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see X rayX ray,
invisible, highly penetrating electromagnetic radiation of much shorter wavelength (higher frequency) than visible light. The wavelength range for X rays is from about 10−8 m to about 10−11
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The following article is from The Great Soviet Encyclopedia (1979). It might be outdated or ideologically biased.



a method for studying various objects, such as manufactured items and minerals, through the effect of the emissions of a radioisotope on photographic film. In radiography, external sources of ionizing radiation are used. These sources are specially produced radioisotopes placed in closed metal ampuls. In autoradiography, which is the main type of radiography, internal radiation sources are used; that is, the radioisotope is introduced into the object being studied (seeAUTORADIOGRAPHY).

If the ionizing radiation that penetrates an object registers on photographic material, the presence of areas of greater or lesser density can be discerned. This analysis derives from the uneven attenuation of radiation passing through areas free of defects as opposed to areas where defects are present. A photographic image, or shadowgraph, of the hidden defects is thus formed, which permits a determination of the shape and dimensions of these defects. In this way, radiography serves as a nondestructive technique for the quality control of cast, welded, soldered, and forged items and materials, that is, a technique for radioisotopic flaw detection.

X-ray films are most common for the purposes of radiography, whereas in autoradiography, various types of photographic materials are used. Among these materials are nuclear photographic emulsions, which permit the registering not only of the total effect, in the form of blackening, of the flux of ionizing particles on the film but also the effect of each individual particle. A chain of developed grains represents a trace, or track, of the particles on the film. The amount of radiation is measured using a characteristic curve found for each type of photographic emulsion and radiation, and the optical density of the photographic material is measured with such photometers as densitometers and microphotometers. A picture of the distribution of optical density is obtained by scanning the photographic image with the measurement aperture of a photometer. Regions of the object with a higher content of radioactive atoms correspond to regions of more intense blackening on the photographic image. This correspondence forms the basis for the radiographic study of the distribution of radioisotopes in solid objects.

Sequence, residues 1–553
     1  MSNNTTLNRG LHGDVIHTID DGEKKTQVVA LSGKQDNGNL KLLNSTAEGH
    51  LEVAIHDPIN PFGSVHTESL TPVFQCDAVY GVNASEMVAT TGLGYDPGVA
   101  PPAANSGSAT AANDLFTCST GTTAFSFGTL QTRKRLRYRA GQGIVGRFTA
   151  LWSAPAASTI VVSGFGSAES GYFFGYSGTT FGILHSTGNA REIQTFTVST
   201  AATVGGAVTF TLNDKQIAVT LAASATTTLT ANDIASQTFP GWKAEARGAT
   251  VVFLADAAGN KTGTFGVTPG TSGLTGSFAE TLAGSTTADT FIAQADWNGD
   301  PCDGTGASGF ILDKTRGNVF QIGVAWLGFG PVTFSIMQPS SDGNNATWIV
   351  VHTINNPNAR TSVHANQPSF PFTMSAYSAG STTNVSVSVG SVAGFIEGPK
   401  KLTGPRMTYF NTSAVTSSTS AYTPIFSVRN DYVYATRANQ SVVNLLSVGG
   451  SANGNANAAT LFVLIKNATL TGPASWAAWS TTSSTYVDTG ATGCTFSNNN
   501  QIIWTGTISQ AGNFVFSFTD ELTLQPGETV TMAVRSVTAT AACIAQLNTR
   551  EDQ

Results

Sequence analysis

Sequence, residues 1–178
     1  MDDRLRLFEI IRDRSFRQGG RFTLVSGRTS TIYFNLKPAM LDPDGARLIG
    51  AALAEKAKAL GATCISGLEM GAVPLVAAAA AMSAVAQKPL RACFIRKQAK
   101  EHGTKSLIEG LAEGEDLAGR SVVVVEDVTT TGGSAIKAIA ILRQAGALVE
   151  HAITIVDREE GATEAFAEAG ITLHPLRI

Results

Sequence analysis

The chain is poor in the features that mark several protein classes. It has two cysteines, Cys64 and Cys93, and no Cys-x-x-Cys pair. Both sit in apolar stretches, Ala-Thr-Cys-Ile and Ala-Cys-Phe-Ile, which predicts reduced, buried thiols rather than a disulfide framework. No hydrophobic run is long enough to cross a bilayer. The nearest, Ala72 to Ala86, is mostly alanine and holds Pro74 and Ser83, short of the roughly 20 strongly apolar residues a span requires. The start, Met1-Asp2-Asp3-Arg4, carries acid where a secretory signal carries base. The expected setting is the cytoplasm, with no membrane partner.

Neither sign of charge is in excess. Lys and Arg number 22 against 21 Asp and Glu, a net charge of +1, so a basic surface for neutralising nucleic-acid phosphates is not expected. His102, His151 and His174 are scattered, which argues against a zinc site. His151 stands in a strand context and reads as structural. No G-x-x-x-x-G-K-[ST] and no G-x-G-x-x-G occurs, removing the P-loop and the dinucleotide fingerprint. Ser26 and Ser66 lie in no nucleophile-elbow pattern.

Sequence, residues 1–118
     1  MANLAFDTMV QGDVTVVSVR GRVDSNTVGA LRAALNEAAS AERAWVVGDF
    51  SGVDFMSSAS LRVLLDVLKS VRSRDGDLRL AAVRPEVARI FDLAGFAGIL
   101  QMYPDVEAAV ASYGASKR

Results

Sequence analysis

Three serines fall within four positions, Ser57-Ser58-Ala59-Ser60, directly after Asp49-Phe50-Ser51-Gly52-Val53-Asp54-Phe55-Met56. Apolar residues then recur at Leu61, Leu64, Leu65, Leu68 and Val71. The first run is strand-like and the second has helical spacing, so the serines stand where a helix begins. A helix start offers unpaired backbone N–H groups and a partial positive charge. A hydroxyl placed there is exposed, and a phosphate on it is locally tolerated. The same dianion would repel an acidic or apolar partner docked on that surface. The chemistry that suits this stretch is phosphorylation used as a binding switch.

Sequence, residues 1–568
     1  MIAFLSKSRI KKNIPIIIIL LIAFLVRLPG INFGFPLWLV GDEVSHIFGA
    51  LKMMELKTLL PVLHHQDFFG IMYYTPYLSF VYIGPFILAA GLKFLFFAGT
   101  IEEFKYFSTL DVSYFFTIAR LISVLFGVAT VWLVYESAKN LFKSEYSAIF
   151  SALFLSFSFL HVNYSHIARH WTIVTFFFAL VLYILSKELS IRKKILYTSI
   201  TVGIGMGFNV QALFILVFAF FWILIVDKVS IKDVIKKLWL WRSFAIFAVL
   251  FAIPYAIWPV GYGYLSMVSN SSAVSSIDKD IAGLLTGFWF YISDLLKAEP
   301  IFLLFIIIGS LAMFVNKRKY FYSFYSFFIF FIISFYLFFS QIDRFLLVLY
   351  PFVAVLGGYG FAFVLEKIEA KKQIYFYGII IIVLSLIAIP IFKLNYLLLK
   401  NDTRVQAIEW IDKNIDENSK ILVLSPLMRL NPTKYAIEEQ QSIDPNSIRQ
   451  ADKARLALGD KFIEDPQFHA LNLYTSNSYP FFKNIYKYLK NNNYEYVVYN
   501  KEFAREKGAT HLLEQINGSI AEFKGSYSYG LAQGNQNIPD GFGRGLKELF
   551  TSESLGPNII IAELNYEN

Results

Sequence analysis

The distribution of radioactive atoms in such microscopic objects as plant and animal cells and grains of metal is studied by using a microscope to examine the distribution of the particle tracks or individual developed grains of the photographic emulsion. The accuracy achieved in determining the location of isotopes in objects depends on such factors as the type and energy of the radiation, the thickness of the sample, the thickness of the film, and the distance between the sample and the photographic emulsion. Various radiographic techniques are available for different purposes. These techniques permit, for example, a detection of separate charged particles, a quantitative determination of radioactive atoms in separate regions of an object, and a measurement of the amount of ionizing radiation.


Radiografiia. Moscow, 1952. (Translated from English.)
Korobkov, V. I. Metodmakroavtoradiografii. Moscow, 1967.
Bruk, B. I. A vtoradiograficheskoe issledovanie metallov, primeniaemykh v sudostroenii. Leningrad, 1966.
Rogers, A. Avtoradiografiia. Moscow, 1972. (Translated from English.)


The Great Soviet Encyclopedia, 3rd Edition (1970-1979). © 2010 The Gale Group, Inc. All rights reserved.


(graphic arts)
The technique of producing a photographic image of an opaque specimen by transmitting a beam of x-rays or γ-rays through it onto an adjacent photographic film; the image results from variations in thickness, density, and chemical composition of the specimen; used in medicine and industry.
McGraw-Hill Dictionary of Scientific & Technical Terms, 6E, Copyright © 2003 by The McGraw-Hill Companies, Inc.


X-rays are used to create a shadow image of light and dark, which reveals any flaws or inclusions in a test piece.
The system of nondestructive testing (NDT) using X-rays or gamma rays to determine the condition of a part not visible without disassembly. Defects as discontinuities within the material show up in the density of the image of the film. X-ray inspection is used to examine the inside of the structure for corrosion or damage that deforms the structure. For detection of defects in small parts, gamma rays (cobalt-60; iridium-192) may be used.
An Illustrated Dictionary of Aviation Copyright © 2005 by The McGraw-Hill Companies, Inc. All rights reserved


the production of radiographs of opaque objects for use in medicine, surgery, industry, etc.
Collins Discovery Encyclopedia, 1st edition © HarperCollins Publishers 2005